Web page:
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|Conrad Meertins: A master of unique three-dimensional art form|
|Sunday, 24 June 2012 21:00|
AFTER striving to create a medium through the fusion of paint and wood craft, Conrad Meertins has become a master of a unique three-dimensional art form.
The 69-year-old, who won an art competition at the tender age of 10, decided to show his work to the world, and the Van Meer Art Gallery was opened at Lot 3 Vlissengen Road, where he was born.
The gallery is set in an unusual courtyard format, and along with smaller paintings, large murals decorate the smooth, high concrete walls which surround the premises.
The paintings mostly focus on Guyanese scenery and culture; and though they are all done in acrylic, each appears to have its own unique look, as if adopting its own mood altogether. Guyana’s lush rainforest and beautiful waterfalls feature in many of the pieces; and one stunningly realistic piece shows a large, three-dimensional tree against the backdrop of the Rupununi River.
Our country’s rich architectural heritage is put in the spotlight. Meertins has depicted the St. George’s Cathedral and the City Hall as realistic, three-dimensional pieces that seem to jump out of their frames. Another piece which depicts the main branch of the Guyana Bank for Trade and Industry (GBTI) draws expressions from visitors as they instantly recognise the large building situated at High & Young Streets, Kingston.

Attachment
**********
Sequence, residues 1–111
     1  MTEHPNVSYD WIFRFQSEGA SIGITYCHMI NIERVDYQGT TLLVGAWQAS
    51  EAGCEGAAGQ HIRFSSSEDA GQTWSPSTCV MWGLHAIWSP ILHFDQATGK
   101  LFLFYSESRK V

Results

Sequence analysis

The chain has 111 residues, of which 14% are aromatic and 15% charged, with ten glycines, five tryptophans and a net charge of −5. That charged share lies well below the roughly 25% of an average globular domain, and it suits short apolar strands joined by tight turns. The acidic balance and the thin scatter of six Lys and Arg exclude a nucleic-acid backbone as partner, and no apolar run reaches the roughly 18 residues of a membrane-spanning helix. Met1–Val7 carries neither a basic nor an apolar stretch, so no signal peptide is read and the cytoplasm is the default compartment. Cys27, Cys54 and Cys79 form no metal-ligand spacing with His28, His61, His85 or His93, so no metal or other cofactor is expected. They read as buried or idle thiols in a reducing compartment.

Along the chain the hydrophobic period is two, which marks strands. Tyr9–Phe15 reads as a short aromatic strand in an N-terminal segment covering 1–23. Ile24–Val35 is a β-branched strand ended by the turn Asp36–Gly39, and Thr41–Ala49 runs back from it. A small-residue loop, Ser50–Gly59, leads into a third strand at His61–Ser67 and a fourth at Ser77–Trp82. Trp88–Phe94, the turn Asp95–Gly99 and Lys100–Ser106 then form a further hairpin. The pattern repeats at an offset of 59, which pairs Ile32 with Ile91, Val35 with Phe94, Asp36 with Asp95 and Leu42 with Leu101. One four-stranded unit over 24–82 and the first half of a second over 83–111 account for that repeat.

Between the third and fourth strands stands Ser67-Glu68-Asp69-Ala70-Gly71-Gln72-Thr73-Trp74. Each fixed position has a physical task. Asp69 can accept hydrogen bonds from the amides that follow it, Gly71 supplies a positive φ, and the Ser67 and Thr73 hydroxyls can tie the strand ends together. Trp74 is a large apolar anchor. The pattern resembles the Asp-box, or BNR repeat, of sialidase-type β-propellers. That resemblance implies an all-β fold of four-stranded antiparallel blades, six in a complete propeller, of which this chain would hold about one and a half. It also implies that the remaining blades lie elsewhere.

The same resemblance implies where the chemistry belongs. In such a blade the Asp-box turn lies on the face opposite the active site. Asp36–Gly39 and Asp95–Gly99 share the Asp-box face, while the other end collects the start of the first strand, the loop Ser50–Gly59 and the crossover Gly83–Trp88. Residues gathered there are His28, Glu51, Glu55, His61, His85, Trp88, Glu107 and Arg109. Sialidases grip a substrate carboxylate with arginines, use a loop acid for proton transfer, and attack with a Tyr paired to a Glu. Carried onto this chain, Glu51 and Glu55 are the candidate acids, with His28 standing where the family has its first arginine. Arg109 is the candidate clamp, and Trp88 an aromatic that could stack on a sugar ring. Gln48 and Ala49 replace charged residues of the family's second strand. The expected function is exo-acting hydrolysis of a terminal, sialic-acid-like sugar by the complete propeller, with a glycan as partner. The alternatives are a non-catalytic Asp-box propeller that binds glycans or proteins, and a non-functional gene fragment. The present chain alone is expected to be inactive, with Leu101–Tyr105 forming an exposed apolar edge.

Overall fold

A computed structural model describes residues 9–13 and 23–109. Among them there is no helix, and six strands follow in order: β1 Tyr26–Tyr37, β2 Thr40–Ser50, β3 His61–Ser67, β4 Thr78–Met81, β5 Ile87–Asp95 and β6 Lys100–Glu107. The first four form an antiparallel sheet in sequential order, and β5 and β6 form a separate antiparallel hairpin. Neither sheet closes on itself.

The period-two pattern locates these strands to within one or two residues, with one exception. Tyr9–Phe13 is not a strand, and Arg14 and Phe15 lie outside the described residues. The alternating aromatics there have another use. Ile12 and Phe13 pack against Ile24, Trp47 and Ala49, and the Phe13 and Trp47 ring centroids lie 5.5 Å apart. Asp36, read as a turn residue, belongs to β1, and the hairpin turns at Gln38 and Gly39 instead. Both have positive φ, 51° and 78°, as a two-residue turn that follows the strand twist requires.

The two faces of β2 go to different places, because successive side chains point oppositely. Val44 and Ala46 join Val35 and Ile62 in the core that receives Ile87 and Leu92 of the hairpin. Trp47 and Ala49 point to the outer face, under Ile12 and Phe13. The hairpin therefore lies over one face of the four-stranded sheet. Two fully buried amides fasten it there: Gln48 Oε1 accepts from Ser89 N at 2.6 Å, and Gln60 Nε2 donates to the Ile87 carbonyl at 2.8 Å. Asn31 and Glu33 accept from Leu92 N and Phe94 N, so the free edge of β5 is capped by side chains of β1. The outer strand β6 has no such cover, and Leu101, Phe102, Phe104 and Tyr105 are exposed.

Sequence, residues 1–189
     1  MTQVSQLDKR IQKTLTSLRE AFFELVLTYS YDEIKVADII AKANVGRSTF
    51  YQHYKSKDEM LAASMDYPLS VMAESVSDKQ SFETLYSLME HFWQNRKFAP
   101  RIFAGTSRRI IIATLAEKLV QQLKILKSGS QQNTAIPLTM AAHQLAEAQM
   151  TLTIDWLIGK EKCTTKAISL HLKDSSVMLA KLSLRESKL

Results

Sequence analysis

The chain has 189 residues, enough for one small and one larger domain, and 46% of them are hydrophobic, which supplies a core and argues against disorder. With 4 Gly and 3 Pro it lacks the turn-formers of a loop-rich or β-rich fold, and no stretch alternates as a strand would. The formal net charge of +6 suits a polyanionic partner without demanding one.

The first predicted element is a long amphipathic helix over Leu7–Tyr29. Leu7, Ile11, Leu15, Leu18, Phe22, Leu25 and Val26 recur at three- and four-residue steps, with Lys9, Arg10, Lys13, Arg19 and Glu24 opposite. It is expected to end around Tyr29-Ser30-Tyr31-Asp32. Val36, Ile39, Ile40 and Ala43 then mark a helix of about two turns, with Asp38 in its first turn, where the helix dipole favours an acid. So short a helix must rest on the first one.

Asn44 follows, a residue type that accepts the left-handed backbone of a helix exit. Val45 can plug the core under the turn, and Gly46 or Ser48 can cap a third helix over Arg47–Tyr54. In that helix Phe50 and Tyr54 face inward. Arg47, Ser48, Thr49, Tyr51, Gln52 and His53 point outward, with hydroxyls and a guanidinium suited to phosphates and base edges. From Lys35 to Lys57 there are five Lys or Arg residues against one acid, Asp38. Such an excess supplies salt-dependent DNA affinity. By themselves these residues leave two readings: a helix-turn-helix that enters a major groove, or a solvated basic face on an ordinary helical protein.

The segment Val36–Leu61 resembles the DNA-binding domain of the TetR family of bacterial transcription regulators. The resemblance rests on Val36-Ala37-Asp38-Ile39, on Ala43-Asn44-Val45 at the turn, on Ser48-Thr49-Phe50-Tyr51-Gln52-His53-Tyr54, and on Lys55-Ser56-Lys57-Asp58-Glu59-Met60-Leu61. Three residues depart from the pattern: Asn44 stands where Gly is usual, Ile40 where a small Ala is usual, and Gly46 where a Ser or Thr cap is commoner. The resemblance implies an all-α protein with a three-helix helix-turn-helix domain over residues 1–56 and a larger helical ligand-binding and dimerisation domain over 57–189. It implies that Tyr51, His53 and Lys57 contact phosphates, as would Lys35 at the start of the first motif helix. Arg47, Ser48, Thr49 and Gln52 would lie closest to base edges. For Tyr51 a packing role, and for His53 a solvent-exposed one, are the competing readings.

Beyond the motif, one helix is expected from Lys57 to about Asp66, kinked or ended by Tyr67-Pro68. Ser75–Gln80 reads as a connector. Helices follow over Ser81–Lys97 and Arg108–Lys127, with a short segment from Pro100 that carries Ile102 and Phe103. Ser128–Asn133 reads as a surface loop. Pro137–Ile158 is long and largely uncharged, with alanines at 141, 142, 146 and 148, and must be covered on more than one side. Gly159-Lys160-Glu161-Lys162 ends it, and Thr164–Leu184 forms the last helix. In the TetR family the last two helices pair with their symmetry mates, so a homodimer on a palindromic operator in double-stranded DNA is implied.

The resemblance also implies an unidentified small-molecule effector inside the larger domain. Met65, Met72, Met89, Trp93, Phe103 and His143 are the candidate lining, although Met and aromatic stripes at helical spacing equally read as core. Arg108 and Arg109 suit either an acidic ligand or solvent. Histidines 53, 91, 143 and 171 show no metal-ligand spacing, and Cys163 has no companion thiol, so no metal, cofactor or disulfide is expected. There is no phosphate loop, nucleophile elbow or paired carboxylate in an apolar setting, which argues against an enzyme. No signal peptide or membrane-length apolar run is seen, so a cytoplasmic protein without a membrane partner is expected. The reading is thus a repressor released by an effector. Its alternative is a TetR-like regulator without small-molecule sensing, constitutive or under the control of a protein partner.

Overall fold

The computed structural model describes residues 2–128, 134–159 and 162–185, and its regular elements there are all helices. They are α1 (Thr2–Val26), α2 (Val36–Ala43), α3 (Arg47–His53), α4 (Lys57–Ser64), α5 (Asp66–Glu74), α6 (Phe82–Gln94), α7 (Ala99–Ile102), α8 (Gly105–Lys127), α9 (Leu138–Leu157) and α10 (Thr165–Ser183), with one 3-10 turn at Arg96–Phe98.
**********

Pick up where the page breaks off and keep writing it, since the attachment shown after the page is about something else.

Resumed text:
The care that Meertins took to bring these pieces to life is obvious, as close examination of the pieces shows that he has carefully layered many components to form a cohesive whole. In the piece depicting St. George’s, Meertins combined 18 components along with background painting that shows the environs of the famous structure. Even more elaborate, though probably not realisable at first, his depiction of the City Hall features more pieces that any observer can count, as Meertins included even the last post in the structure.
Visitors get a glimpse of the days of the trains and railways in Guyana, as one of the murals decorating the fence of the Van Meer Art Gallery shows a representation of a “typical country railroad”, in the words of the artist. A work in progress, the outlines of workers and bystanders can be seen in the piece. The vendor with the basket of fruit on her head, the mother with the young child, and the man with his newspaper are some of the people who are shown in raised detail.
Meertins, who studied under famous Guyanese master Edgar R. Burrowes, has also been influenced by his Dutch ancestry, which included a line of boat builders. Described as having a complex, restless nature, he became an airline pilot and flew as a captain under several major airlines in the region. However, the prevailing factor in his nature was always his art.
Entrance to the gallery is currently free, as entrance fees have not been settled. (Sonell Nelson Photos)
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